Executive Summary: President Reagan's re-election year will be as good for the economy and financial markets as 1983, with another 6.5 percent GNP boost probable and another 15 percent climb in the DOW possible. The power struggle for the White House, though, allies Democrats and Old Guard Republicans who need a weakening of the economy in 1984 to reestablish their influence over national policy. But Reagan resists the "Big Con," refusing to be trapped with a budget-balancing platform while the Democrats gear up a supply-side flat tax. AS a rule, presidential election years are bullish because voter influence over economic policy is maintained. A parallel with the 1924 Coolidge election is drawn, pointing to an even better year in 1985. Volcker is still a concern, but much less so now that he's moved the Fed to a price rule and the explicit goal of price stability.
A Rosy Nineteen Eighty Four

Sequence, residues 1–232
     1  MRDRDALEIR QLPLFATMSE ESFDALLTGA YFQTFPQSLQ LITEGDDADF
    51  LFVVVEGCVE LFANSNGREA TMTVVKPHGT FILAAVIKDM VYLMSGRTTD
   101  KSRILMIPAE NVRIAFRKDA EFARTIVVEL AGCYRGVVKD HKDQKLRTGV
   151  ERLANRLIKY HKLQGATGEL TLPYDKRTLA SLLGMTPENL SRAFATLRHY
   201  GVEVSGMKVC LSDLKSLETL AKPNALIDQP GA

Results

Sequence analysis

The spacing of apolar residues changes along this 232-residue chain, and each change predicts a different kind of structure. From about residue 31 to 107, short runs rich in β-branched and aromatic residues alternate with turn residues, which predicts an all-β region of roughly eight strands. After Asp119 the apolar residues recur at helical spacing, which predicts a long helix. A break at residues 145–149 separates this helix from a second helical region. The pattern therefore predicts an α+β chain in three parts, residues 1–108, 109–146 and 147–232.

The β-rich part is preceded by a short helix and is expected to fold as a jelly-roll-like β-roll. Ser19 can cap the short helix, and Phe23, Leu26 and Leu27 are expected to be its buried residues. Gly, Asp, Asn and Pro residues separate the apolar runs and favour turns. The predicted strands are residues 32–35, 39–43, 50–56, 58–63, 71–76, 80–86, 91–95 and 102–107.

Nineteen eighty-four should be a very good year for the American economy and the financial markets. We should see another 6-7 percent rise in real Gross National Product, inflation rates holding below 5 percent and interest rates declining as the Federal Reserve avoids inflationary or deflationary swings in sensitive commodity prices. Unemployment will continue its decline and the Dow Jones Industrial Average will continue its rise, perhaps by another 15 percent. What can prevent this rosy scenario from unfolding is if President Reagan is bamboozled into thinking the current raging debate over future federal budget deficits has to do with economics and that he must "do something" about them. The debate has only to do with politics, power politics, since in 1984 the greatest power center of all is at stake. Those who don't have the White House want it, and when they want it badly enough they're willing to say and do almost anything to get it. The outsiders know that if the economy continues to strengthen, their chances of topping Reagan diminish even further than they have in 1983. In the great game of presidential politics, it is in their interests to bring about a weakening of the economy and they need Reagan's cooperation.